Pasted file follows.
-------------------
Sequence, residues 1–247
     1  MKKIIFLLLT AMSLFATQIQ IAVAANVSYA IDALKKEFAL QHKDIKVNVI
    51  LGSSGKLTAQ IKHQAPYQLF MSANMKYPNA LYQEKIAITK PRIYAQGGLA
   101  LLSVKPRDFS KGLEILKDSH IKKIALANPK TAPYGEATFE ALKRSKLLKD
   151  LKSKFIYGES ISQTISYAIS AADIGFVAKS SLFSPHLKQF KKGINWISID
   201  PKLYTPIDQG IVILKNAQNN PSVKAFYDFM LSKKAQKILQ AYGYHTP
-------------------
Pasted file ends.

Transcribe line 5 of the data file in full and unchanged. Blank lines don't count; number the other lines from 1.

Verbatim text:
   151  LKSKFIYGES ISQTISYAIS AADIGFVAKS SLFSPHLKQF KKGINWISID